Journal Article

Incident High-Grade Squamous Intraepithelial Lesions in Senegalese Women With and Without Human Immunodeficiency Virus Type 1 (HIV-1) and HIV-2

Stephen E. Hawes, Cathy W. Critchlow, Papa Salif Sow, Papa Touré, Ibraham N'Doye, Aissatou Diop, Jane M. Kuypers, Abdoul A. Kasse and Nancy B. Kiviat

in JNCI: Journal of the National Cancer Institute

Volume 98, issue 2, pages 100-109
Published in print January 2006 | ISSN: 0027-8874
Published online January 2006 | e-ISSN: 1460-2105 | DOI:
Incident High-Grade Squamous Intraepithelial Lesions in Senegalese Women With and Without Human Immunodeficiency Virus Type 1 (HIV-1) and HIV-2

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Background: Women infected with human immunodeficiency virus type 1 (HIV-1) and -2 may be at higher risk of developing cervical cancer than uninfected women. We assessed the relationships among human papillomavirus (HPV) types and persistence, HIV-1 and/or HIV-2 infection, and the development of high-grade cervical squamous intraepithelial lesions (HSILs) in a prospective study. Methods: We studied 627 women with and without HIV-1 and/or HIV-2 infection and high-risk HPV infection in Senegal, West Africa, who were assessed every 4 months for HSIL and HPV DNA over a mean follow-up of 2.2 years. Cox regression modeling was used to assess risks associated with development of HSIL. Results: During follow-up, 71 (11%) of 627 women developed HSIL as detected by cytology. HIV-infected women with high-risk HPV types were at greatest risk for development of HSIL. In multivariable modeling, infection with oncogenic HPV types—both persistent (hazard ratio [HR] = 47.1, 95% confidence interval [CI] = 16.3 to 136) and transient (HR = 14.0, 95% CI = 3.7 to 54)—was strongly associated with HSIL risk. In univariate analyses, HIV-positive women infected with HIV-2 were less likely to develop HSIL (HR = 0.3, 95% CI = 0.1 to 0.9) than HIV-positive women infected with HIV-1. HIV-positive women with CD4+ cell counts between 200 and 500 cells per microliter (HR = 2.2, 95% CI = 0.8 to 6.3) or fewer than 200 cells per milliliter (HR = 5.5, 95% CI = 2.0 to 15.2) were at greater risk of HSIL than HIV-positive women with CD4 counts of more than 500 cells per milliliter. High plasma HIV RNA levels were associated with increased HSIL risk (HR for each order of magnitude increase in the level of plasma HIV RNA = 1.4, 95% CI = 1.1 to 1.7; P = .005). After adjustment for HPV types and persistence, however, HIV type, plasma HIV RNA level, and CD4 count were no longer statistically significantly associated with increased risk of HSIL. Conclusions: HIV-1 and HIV-2 are associated with increased risk for development of HSIL. This risk appears to be associated primarily with increased HPV persistence that may result from immunosuppression related to HIV-1 and/or HIV-2 infection.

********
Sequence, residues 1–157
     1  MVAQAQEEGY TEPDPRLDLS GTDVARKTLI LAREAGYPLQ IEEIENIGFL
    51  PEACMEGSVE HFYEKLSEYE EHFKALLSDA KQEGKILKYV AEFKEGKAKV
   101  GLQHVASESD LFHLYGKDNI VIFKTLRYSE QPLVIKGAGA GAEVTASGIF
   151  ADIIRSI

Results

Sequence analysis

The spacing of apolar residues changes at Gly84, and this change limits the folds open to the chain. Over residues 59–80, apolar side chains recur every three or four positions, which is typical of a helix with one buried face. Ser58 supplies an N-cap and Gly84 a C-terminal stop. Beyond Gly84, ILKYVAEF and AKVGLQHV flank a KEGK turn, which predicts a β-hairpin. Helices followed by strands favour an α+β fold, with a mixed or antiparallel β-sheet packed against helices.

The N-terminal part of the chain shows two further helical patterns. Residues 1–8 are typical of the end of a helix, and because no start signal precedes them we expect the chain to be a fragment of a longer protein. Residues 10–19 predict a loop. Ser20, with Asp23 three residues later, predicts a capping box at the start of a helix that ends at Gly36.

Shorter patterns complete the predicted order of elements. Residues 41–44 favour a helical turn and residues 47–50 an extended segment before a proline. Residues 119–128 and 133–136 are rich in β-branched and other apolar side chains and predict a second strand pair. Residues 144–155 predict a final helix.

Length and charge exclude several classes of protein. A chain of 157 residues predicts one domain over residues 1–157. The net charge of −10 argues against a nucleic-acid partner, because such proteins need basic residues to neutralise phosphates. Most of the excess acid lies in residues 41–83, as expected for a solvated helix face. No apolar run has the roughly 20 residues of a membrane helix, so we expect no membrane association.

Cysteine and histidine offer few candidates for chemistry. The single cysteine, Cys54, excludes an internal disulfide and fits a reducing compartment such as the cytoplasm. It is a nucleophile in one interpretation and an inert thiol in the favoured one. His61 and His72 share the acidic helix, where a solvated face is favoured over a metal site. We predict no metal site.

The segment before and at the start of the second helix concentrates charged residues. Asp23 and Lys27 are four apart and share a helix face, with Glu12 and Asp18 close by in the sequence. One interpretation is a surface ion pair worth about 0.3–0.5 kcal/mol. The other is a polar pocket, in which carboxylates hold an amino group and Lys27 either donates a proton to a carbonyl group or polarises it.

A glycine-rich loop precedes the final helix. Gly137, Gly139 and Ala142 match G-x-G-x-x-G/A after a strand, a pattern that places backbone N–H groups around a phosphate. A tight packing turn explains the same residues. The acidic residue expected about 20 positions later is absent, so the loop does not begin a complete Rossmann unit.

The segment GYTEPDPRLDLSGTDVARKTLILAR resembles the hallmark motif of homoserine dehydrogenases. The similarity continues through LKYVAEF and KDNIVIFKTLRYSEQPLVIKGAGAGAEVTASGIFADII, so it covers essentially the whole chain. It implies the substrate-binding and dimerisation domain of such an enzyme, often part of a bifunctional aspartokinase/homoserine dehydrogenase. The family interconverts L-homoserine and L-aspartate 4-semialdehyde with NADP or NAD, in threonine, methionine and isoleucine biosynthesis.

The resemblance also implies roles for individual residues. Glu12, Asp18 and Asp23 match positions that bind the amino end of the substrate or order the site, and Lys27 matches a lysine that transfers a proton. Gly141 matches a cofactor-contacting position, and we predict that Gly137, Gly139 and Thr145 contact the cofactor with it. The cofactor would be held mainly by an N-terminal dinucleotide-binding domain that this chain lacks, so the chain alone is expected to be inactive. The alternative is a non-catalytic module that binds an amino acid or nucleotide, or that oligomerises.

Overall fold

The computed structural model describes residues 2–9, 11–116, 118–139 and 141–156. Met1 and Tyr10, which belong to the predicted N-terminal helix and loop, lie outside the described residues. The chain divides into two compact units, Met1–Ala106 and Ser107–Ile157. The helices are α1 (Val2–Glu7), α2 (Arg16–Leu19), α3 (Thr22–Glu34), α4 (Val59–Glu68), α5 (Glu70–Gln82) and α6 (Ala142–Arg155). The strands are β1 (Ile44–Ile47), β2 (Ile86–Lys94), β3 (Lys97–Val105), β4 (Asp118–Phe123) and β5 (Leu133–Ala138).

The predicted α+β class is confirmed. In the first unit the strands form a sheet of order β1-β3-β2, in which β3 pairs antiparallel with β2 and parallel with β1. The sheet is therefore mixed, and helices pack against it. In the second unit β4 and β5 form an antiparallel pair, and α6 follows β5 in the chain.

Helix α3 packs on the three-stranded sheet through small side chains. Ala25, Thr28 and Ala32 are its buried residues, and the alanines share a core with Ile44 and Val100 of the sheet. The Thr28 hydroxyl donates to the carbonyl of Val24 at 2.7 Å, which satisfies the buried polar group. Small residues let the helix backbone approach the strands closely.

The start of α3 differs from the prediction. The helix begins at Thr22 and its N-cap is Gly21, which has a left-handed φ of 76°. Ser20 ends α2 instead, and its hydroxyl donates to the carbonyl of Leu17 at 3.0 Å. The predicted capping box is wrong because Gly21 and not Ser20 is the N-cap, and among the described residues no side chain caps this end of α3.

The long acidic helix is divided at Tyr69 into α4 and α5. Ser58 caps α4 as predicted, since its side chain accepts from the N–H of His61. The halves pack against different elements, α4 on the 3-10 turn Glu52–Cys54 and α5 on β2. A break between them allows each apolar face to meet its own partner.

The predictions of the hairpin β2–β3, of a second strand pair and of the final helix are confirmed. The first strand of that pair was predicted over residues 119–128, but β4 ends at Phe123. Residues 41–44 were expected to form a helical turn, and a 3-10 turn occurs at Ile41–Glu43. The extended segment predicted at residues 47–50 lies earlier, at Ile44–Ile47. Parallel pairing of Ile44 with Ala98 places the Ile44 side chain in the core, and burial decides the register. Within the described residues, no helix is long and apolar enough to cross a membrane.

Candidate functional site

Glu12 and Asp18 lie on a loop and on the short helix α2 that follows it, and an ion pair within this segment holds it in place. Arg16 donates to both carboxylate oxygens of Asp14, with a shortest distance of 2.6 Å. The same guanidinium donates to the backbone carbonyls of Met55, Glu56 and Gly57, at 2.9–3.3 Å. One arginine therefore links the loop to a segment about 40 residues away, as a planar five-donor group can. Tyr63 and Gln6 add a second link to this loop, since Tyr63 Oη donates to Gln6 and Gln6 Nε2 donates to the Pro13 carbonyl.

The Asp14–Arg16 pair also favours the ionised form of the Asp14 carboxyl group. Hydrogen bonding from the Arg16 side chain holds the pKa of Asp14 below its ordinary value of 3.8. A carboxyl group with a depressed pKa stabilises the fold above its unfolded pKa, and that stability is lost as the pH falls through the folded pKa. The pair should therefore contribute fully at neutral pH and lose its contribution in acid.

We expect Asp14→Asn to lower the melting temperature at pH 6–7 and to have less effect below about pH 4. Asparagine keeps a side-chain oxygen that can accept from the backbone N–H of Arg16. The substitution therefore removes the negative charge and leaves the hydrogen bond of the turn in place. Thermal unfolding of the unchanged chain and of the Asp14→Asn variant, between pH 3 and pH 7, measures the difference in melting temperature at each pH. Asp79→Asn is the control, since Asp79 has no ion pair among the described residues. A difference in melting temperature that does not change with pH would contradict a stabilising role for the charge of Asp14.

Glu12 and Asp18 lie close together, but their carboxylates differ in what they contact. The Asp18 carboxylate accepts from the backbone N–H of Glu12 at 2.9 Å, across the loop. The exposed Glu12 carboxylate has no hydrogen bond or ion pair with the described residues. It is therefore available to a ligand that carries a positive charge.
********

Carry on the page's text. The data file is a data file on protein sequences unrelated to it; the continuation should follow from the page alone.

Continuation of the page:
Journal Article.  8576 words.  Illustrated.

Subjects: Medical Oncology

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